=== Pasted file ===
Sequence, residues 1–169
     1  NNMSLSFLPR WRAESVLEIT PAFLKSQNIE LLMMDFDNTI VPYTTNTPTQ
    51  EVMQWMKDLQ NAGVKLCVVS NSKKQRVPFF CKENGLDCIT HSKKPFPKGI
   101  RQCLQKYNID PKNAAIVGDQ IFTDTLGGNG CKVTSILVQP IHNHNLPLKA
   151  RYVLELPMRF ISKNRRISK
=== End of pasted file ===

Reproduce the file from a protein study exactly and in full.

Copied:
Sequence, residues 1–169
     1  NNMSLSFLPR WRAESVLEIT PAFLKSQNIE LLMMDFDNTI VPYTTNTPTQ
    51  EVMQWMKDLQ NAGVKLCVVS NSKKQRVPFF CKENGLDCIT HSKKPFPKGI
   101  RQCLQKYNID PKNAAIVGDQ IFTDTLGGNG CKVTSILVQP IHNHNLPLKA
   151  RYVLELPMRF ISKNRRISK